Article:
My assortment of thoughts in no particular order:
1) I agree with the thoughts shared by Kelly S., Rachel J. and others
that a greater emphasis on global competencies means a lesser emphasis
on something else we deem less important. The problem is that some of
those things we know in our hearts are less important (standardized
test scores, college admissions) are also easier to
measure/understand/advertise. Are we willing to risk some of that
outward appearance of high status and achievement for something
2) What % of our students take advantage of the many opportunities to
have meaningful experiences (like a Belize trip), and what % choose to
stay within a relative comfort zone of just going to class to get good
grades to get into a good college?
3) A BB&N alum (Alex Pogany '01) manages a local network of farms/CSA
programs. Are we doing anything with that connection? They have a
teen summer program, and one of them in the video (link below) says,
"The Food Project is everything school should be, but isn't!"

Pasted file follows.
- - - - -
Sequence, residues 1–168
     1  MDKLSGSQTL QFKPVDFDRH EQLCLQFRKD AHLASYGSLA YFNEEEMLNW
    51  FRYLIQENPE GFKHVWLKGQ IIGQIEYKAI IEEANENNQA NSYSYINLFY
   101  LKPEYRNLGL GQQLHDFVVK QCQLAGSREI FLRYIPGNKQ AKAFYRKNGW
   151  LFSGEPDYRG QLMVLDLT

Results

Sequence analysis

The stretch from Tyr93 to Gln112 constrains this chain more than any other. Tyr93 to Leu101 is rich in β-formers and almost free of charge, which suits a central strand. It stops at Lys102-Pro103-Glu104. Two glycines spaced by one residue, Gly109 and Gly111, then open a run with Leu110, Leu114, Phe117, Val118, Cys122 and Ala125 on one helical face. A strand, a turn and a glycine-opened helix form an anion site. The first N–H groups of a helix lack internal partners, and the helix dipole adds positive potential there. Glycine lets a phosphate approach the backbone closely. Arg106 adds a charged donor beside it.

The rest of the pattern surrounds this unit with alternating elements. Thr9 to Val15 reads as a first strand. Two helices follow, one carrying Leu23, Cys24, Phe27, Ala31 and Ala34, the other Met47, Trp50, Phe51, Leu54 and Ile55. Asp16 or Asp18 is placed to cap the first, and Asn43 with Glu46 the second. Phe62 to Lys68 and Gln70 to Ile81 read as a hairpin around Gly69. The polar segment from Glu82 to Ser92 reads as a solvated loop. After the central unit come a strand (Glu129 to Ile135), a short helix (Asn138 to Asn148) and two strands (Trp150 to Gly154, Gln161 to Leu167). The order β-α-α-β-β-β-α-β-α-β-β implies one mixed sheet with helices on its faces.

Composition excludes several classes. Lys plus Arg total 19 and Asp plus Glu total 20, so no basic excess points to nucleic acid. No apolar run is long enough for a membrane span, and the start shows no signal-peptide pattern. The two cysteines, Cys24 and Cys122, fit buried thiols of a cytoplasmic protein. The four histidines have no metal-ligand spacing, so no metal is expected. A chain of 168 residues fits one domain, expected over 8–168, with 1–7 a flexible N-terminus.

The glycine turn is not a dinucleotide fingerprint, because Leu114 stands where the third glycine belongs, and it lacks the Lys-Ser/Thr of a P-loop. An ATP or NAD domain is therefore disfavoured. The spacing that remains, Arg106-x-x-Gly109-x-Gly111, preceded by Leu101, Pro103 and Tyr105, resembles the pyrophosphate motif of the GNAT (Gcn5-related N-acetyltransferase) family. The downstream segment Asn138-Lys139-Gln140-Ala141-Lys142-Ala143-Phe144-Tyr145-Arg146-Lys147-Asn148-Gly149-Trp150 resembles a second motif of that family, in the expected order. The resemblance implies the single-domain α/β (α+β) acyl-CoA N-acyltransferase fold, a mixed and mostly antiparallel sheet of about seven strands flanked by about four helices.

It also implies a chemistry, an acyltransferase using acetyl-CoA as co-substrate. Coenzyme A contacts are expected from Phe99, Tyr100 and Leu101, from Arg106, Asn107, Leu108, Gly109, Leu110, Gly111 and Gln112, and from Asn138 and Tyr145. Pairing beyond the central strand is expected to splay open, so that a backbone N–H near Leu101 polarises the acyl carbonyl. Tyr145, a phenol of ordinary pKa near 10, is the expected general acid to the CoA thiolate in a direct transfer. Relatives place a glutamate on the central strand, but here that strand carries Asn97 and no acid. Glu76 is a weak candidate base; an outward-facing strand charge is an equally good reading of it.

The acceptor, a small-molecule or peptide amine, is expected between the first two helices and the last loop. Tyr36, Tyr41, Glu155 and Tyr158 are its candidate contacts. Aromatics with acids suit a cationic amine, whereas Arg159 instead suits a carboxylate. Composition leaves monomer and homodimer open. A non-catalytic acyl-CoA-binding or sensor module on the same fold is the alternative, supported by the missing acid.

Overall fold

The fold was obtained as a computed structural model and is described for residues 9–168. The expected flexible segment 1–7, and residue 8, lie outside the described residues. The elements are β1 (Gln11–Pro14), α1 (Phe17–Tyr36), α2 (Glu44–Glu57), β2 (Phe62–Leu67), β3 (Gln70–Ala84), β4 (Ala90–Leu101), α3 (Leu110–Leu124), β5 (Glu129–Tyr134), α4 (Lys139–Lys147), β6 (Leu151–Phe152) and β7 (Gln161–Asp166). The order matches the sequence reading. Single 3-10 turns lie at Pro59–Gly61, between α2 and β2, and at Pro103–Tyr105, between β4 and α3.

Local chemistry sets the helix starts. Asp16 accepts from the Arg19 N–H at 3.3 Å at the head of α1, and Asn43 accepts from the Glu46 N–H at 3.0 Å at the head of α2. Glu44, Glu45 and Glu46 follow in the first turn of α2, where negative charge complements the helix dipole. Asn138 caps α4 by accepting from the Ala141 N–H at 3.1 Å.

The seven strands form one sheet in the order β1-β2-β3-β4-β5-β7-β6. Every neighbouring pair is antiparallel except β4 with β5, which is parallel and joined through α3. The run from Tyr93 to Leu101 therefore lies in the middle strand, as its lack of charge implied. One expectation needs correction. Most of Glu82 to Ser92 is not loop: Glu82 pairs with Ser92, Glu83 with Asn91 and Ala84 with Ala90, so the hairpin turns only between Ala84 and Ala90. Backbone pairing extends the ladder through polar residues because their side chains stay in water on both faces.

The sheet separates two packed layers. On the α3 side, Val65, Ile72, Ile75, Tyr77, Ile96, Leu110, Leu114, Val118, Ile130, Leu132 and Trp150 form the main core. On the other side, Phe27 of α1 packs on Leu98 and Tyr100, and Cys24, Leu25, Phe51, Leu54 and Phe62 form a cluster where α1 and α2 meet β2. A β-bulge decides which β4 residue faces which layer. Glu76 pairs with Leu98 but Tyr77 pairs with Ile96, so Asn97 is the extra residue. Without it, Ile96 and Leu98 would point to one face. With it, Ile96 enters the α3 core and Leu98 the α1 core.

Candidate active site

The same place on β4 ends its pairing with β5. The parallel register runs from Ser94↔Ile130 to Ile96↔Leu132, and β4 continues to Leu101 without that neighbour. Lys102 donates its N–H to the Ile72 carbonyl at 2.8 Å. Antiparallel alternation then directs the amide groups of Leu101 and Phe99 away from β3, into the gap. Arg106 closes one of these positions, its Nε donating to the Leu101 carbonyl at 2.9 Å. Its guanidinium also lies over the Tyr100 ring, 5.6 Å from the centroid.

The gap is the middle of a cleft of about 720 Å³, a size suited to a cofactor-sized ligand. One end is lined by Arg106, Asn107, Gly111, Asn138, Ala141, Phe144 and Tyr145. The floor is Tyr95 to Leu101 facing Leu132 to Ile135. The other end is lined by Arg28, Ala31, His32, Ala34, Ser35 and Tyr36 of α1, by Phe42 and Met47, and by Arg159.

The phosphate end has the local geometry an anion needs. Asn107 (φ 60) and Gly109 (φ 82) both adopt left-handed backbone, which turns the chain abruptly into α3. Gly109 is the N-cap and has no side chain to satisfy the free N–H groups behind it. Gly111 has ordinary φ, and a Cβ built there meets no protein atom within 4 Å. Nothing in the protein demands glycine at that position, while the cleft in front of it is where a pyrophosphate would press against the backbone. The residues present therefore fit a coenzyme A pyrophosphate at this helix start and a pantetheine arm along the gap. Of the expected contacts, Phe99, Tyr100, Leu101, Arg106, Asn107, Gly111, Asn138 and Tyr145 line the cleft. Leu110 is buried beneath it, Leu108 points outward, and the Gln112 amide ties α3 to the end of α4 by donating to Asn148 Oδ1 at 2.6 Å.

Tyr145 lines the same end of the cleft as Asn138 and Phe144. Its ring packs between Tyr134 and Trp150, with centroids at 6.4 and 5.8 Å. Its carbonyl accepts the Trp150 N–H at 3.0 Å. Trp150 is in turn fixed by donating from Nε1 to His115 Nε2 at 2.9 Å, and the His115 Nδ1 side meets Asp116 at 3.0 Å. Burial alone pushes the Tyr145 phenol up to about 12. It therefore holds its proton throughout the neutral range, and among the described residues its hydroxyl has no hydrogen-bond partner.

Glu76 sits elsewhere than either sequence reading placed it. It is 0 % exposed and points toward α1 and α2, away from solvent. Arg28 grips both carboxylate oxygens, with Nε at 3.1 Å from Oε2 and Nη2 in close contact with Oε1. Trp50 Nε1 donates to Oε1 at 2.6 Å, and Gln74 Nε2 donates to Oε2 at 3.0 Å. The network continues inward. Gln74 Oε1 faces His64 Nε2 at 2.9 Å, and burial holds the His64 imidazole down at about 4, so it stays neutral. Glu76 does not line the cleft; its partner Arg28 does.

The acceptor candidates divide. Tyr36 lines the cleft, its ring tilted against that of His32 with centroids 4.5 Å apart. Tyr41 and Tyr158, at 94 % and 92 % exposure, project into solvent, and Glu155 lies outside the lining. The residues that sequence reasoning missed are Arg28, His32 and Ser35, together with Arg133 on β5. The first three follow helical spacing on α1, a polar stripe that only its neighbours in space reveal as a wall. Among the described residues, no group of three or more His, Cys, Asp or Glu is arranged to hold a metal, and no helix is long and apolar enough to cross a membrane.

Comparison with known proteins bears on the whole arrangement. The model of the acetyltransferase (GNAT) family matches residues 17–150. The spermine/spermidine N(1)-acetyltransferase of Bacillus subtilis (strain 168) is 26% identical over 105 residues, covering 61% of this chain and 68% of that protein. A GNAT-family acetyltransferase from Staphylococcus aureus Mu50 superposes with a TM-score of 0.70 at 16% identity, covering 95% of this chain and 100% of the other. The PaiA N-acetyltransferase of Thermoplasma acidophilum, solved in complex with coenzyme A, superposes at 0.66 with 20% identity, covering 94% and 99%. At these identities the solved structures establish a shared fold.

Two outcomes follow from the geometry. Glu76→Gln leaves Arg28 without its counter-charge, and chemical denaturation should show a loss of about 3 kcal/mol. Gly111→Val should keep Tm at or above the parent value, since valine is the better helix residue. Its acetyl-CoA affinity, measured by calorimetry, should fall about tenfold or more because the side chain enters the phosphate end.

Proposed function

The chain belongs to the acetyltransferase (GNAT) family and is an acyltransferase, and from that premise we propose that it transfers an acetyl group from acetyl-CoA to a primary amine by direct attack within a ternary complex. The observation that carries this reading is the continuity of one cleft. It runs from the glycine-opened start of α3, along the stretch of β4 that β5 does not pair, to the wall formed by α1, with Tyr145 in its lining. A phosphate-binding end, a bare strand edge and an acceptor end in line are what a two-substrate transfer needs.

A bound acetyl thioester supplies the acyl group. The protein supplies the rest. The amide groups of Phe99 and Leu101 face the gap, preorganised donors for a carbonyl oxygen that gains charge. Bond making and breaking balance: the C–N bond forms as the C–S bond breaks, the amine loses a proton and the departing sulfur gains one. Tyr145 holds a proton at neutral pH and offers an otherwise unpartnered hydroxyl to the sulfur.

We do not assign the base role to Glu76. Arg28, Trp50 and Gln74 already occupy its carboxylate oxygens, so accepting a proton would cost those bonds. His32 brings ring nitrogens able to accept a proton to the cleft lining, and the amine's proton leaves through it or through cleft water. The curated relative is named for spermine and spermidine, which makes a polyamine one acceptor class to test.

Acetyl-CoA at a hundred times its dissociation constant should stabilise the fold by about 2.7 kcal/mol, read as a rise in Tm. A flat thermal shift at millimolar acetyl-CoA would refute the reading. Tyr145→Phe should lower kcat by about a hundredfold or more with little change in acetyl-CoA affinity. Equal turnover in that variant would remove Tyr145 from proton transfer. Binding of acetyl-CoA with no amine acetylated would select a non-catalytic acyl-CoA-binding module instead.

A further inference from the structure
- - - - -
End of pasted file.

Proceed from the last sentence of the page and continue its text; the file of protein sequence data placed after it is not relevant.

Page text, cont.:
Our community rarely experiences the stress of food scarcity, so we
have the privilege of not having to think about where our food comes
from. It's just always there, ready to be purchased in plenty of
stores and restaurants. Still, a heck of a lot needs to happen just
to get, say, a simple slice of pizza from Armando's. Where did the
flour come from? The cheese? The tomatoes? The take out container?
The various spices? Why did they come from there and not some other
place? How much fuel did it take to ship that much food from wherever
to Cambridge? Getting our school involved with CSA could be like
mixing together local/global awareness with agricultural science with
economics and business with saving the world and feeding hungry
people. That's a pretty sweet combination. But it might mean that we
don't simplify as many variable radical expressions or solve as many
absolute value equations. Which actually brings me to my last
4) How can we compare the value of meaningful math that is
immediately and obviously applicable to "useless" more abstract math
when we really don't know what the future will hold for our students?
I don't have to simplify variable radical expressions in my day-to-day
life, but there is a lot of logic involved in being able to do so.
Isn't logical thinking generally applicable to whatever problems our
students end up facing? I go back and forth between thinking this
push for global competency is another phase of our project based
learning push, and thinking that it actually validates teaching those
math topics that do not fit easily into a real-life project or
application. They both have their benefits, and this is not
necessarily an either/or choice, but going back to point 1), we can't
keep adding stuff into the curriculum without taking something out.
Math Department Chair
BB&N Middle School